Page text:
Scientists looking over old data on Uranus discover something new

Shane McGlaun - Mar 27, 2020, 8:41 am CDT
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Scientists looking over old data on Uranus discover something new

Uranus is very far from the sun, making it one of the coldest planets in our solar system. Over 30 years ago, Voyager 2 flew by the planet on January 24, 1986. Decades later, scientists were looking over that data again and found another new secret about the planet. What scientists didn’t know 34 years ago was that Voyager 2 had flown through a plasmoid, which is a giant magnetic bubble that scientists believe could have been stripping Uranus of its atmosphere.

Scientists say that atmospheric escape is driven by the magnetic field of the planet that can help the atmospheric escape or hinder the process. Magnetic fields are believed to help protect the planet by fending off atmosphere-stripping blasts from the solar wind. However, these magnetic fields can also create opportunities for the atmosphere to escape. Both Jupiter and Saturn suffer from this condition where significant amounts of atmosphere escape when magnetic field lines become tangled.

Scientists say that Uranus has a strange magnetic field. Unlike any other planet in the solar system, Uranus spins almost entirely on his side, similar to a pig on a spit roast. The planet completes a full roll once every 17 hours. Uranus has magnetic field axis that points 60 degrees away from that spin axis, meaning as the planet spins its magnetosphere wobbles like a poorly thrown football.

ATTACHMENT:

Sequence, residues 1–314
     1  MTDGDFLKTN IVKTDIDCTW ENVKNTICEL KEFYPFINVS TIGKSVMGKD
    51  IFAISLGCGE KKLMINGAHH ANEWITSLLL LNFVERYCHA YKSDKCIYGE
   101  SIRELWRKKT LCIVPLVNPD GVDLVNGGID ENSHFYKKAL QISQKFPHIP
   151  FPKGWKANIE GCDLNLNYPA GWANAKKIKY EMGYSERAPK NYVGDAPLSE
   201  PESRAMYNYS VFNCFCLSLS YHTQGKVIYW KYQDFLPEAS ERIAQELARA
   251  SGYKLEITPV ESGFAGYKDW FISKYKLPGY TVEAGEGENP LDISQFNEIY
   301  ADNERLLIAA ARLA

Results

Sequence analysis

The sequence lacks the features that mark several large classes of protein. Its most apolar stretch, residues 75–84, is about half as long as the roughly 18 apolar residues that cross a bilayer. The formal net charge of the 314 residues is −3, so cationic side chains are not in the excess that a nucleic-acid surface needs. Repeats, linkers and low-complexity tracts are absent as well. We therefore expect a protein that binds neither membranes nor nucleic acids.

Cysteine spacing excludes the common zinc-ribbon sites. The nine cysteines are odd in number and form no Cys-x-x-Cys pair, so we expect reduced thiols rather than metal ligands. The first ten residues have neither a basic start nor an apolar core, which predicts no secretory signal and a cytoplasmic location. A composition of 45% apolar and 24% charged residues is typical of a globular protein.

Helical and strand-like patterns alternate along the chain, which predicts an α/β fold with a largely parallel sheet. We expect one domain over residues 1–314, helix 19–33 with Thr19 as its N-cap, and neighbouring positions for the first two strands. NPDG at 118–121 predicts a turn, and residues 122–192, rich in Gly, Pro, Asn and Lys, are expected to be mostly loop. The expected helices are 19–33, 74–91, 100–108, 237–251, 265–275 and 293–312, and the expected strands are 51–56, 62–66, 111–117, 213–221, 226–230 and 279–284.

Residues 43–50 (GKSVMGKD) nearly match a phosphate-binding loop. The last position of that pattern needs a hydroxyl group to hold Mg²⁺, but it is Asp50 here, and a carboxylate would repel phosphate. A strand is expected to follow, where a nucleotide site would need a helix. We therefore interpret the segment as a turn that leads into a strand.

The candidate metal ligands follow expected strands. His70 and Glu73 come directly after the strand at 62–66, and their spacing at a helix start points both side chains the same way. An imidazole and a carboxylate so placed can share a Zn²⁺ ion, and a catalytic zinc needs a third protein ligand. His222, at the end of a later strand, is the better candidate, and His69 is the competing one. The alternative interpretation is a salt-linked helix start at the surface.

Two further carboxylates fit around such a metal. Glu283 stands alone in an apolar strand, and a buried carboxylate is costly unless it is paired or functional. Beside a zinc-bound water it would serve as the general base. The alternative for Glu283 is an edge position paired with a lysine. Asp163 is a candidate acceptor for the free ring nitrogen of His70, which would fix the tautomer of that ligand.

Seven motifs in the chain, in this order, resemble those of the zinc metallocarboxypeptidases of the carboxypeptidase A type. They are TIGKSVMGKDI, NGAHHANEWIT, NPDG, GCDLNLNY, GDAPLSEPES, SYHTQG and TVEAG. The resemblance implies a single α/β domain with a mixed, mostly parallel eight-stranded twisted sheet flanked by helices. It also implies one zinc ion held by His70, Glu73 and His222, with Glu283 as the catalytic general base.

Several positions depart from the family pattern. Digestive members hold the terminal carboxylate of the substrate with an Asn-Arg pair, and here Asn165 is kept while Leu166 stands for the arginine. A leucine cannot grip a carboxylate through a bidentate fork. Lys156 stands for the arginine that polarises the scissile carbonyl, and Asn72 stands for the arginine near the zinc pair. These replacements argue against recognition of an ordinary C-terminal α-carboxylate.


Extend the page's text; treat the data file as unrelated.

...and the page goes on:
The scientists downloaded the Voyager 2 magnetometer readings that monitored the strength and direction of the magnetic fields near the spacecraft as it flew by. The scientists zoomed in on the data closer than previous studies and plotted a new data point every 1.92 seconds. Smooth magnetic field lines gave way to jagged spikes and dips.

In their study, the team discovered a zigzag that they believed could be a plasmoid, which was a phenomenon that was little-known when the decades-old spacecraft made its flyby. Since then, Plasmoids and become recognized as an important way planets lose mass. Over time such giant bubbles of plasma pinch off the magnetotail, which is the part of the magnetic field blown back by the sun like a windsock. That allows escaping plasma in to drain ions from the planet’s atmosphere. This marks the first time that plasmoids were detected at Uranus. Scientists believe that the plasmoids could account for between 15 percent and 55 percent of atmospheric mass loss at Uranus.


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